All things being equal, experts generally agree that we tend to like competent people especially when they become relevant in our lives. This includes our parents, teachers, doctors, electrician, investment broker, auto mechanic, etc. The opposite is also true. As much as we are attracted to competent people, we are repelled from people who are candidates for the Darwin Awards.
When you become relevant in a person’s life, they will like you more or less based on your level of competence in the area where you’re relevant. If you’re an auto mechanic, they will judge you on your knowledge of cars. If you’re a teacher, they will judge you on your knowledge of the subject you teach and your ability to teach that subject. If you’re a potential spouse, they will judge you on a whole host of factors, none of which you’ll be able to live up to of course.
Here are a few things you can do to build your competence and likeability.
Do what you do better than anyone else
Walt Disney was supposedly quoted as saying, “Do what you do so well, that people want to see you do it again. And not only do they want to see you do it again, but they want to show their friends what it is that you do so well.”
People who are experts in their field, don’t just act like experts, they are the experts. They do what they do so well that they create an overwhelming demand for their time and their service. They become trusted and well liked celebrities in their field.
Become an expert in your field
Earl Nightingale, the inspirational author of “The Strangest Secret,” noted that anyone could become an expert in a very short time. His premise was that if you focused on learning any single subject for one hour a day every day for a year, it would be the equivalent of going to class for eight hours a day, five days a week for almost two and a half months. If you did the same thing for five years, it would be the equivalent of going to class every day for a year.
According to Earl Nightingale, if you dedicated just one hour a day to the study of your passion, you would quickly find yourself in the top one tenth of one percent in your field in a very short time. And today, with universal access to the Internet, there is virtually no reason you can’t achieve that level of expertise even without going back to school.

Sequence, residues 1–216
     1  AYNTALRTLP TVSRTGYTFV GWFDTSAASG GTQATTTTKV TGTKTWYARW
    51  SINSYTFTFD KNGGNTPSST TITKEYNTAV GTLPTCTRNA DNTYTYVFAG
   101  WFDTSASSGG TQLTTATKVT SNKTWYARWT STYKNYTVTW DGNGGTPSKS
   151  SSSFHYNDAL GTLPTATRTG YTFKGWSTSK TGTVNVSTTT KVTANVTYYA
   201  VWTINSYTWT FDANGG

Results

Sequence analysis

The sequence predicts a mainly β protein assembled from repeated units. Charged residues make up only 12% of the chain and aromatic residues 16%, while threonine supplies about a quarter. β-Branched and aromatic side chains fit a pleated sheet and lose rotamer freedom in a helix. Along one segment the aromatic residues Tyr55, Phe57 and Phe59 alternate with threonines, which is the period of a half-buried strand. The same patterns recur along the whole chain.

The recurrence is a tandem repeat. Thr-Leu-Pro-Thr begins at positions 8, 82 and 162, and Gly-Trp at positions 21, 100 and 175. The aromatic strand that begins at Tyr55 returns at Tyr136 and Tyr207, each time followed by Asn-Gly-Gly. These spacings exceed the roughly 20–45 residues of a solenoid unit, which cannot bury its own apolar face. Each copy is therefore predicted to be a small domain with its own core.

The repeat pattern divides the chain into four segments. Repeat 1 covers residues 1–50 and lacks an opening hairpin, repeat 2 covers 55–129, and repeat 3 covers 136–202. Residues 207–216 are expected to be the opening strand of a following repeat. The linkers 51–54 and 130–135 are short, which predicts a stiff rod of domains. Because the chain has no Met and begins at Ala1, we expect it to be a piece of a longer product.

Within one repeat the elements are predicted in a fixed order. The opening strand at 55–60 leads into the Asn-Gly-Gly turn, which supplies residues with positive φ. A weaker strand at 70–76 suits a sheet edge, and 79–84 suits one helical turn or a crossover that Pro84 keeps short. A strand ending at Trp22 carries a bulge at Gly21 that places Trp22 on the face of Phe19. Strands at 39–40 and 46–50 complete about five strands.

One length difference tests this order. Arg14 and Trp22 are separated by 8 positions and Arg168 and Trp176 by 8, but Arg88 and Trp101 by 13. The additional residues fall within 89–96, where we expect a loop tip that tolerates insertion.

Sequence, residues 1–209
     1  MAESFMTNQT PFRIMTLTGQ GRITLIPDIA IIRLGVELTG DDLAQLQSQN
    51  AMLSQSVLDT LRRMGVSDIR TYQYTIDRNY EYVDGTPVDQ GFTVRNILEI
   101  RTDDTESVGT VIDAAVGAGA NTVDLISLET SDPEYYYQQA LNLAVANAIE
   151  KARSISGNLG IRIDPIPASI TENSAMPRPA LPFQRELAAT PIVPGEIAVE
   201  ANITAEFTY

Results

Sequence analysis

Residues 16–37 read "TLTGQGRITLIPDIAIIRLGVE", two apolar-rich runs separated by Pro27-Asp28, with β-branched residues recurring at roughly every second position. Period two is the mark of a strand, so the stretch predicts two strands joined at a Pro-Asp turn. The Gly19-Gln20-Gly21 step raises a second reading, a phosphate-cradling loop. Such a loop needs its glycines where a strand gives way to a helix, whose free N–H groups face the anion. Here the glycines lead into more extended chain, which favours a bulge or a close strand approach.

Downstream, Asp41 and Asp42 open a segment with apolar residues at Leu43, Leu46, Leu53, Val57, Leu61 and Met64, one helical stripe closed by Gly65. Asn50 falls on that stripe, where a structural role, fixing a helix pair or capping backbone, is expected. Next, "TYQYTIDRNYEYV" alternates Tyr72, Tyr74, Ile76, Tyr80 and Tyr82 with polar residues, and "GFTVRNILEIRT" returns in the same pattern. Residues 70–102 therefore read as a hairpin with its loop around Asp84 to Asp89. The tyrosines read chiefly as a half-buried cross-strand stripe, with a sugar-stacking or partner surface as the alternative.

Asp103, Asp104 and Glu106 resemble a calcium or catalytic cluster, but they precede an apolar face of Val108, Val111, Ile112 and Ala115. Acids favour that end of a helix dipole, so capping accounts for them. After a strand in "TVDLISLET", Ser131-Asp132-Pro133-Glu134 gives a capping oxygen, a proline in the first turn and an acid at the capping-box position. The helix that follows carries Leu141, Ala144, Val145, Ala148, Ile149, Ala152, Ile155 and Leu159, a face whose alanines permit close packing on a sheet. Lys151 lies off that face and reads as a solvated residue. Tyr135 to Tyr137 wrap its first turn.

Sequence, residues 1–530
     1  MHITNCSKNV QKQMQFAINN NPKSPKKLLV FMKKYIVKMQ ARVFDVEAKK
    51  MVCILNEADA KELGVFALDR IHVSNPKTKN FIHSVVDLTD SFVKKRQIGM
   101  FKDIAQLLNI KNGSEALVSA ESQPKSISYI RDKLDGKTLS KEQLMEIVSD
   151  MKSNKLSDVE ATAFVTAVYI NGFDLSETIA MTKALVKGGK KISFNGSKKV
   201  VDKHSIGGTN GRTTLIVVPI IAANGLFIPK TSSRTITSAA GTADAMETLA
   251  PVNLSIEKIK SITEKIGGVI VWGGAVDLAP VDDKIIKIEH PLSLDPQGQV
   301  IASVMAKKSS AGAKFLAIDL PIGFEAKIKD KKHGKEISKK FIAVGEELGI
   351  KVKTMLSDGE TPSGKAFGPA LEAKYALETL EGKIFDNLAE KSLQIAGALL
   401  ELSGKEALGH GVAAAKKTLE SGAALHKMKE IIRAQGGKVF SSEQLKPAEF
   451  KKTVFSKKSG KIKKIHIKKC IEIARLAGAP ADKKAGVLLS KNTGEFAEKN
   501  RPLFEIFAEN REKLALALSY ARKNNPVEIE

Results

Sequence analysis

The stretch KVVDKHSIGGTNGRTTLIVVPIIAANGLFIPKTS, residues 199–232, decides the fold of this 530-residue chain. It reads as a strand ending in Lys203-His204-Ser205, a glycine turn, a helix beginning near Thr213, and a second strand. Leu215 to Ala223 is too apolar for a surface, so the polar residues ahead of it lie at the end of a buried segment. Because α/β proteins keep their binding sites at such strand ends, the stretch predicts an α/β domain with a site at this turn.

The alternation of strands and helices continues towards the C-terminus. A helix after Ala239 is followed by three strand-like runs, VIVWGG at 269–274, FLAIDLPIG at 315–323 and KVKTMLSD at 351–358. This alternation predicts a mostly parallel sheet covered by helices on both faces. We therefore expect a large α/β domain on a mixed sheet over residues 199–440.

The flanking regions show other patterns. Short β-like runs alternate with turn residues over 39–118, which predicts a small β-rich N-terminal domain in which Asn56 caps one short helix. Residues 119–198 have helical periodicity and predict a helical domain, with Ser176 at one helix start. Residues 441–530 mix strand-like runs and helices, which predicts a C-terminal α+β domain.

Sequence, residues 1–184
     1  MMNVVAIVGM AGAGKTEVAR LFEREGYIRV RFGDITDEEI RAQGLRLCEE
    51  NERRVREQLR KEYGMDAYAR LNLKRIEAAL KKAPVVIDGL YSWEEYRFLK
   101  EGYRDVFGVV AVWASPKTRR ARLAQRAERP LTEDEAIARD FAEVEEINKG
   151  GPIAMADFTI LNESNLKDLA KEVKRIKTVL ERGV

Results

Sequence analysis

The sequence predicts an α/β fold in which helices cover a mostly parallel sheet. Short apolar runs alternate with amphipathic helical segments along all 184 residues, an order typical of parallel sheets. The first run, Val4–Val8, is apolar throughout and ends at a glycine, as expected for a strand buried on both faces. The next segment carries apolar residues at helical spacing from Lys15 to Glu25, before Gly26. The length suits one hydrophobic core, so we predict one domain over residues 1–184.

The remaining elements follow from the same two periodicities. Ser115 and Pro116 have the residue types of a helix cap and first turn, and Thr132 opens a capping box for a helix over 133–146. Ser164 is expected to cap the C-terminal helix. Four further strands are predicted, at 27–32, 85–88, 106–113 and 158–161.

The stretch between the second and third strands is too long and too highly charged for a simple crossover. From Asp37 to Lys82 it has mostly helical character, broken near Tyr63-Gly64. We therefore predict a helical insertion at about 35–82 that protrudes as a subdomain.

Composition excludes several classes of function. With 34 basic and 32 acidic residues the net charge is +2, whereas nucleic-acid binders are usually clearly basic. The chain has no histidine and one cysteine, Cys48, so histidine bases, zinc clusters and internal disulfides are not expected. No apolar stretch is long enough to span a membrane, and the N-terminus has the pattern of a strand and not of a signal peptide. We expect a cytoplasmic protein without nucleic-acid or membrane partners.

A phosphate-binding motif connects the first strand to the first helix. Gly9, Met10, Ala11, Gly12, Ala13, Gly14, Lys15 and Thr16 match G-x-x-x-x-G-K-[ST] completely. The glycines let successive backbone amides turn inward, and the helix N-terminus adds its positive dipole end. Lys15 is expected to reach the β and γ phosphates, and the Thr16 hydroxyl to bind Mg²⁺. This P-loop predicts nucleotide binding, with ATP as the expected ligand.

Look the part
People who are experts in their field look the part. Batman, Wonder Woman and Spider-Man are all good examples. They’re believable characters because they dress like you would expect a superhero to dress. If you don’t look the part, people are not going to find you credible.
It’s important to note that even superheros don’t wear their superhero outfits day and night. They play off-duty roles including newpaper reporter, freelance photographer and multi-millionaires. They dress the part when they want to project the part, even they’re involved in everyday activities. That’s why I wear a suit and tie when I give public presenations and a Superman cape when I go to county to pick-up my meds. I’m teasing of course, I don’t acturally wear a suit and tie. How silly.
There is a huge credibility gap when people or things don’t look like what you expect them to look like. You may remember the crash of Value Jet flight 592 on May 11, 1996. The flight was en route from Miami to Atlanta (a route I often flew) when the low cost carrier went down in the Everglades killing all 110 people on board. The thing that immediately stuck me when I heard about the accident was a promise I made to myself just a few months earlier.
After seeing a Value Jet cartoon logo painted on the tail of their planes, I made a promise that I would not fly Value Jet no matter how deeply they discounted their fares. I found it difficult to place my trust and my life in an airline that used a cartoon as their mascot. It conveyed a feeling of cheap and dangerous, not the feeling of safe and secure that you would expect from an airline. As it turned out, my intuition was right.
Speak the Part
One of the easiest ways to look smart is to not look stupid. Mark Twain is quoted as saying, “It’s better to keep silent and be thought a fool, than to open your mouth and remove all doubt.” This is great advice that has been ignored by well-known American political figures for years.
Here are a few examples of stupid things people have said that didn’t do much for enhancing their perception with the American public.
“If Lincoln were alive today, he’d roll over in his grave.”
“Outside of the killings, Washington D.C. has one of the lowest crime rates in the country.”
Mayor Marion Barry
“This is a great day for France.”
President Richard Nixon attending Charles de Gaulle’s funeral
“It’s wonderful to be here in the great state of Chicago.”
V.P Dan Quayle
If you’re not an expert on the subject being discussed, don’t try to pretend that you are an expert. There is nothing more irritating and off-putting than listening to someone speak with authority who has no knowledge of the subject. Have you ever watched a Congressional hearing on TV? Point, match, game!
And, if you do or say something that looks or sounds stupid, don’t try to hide it. No one likes a person who takes him or herself too seriously. On the contrary, we do like people who can laugh at themselves when they make a mistake.
Professional debaters understand this principle better than anyone. Here are the rules followed by the great debaters and politicians of our time.
- Don’t say anything stupid.
- Talk about what you know.
- Don’t say anything stupid.
There is a time to share what you know and there is a time to ask questions. Smart, competent people know the difference, and you do too.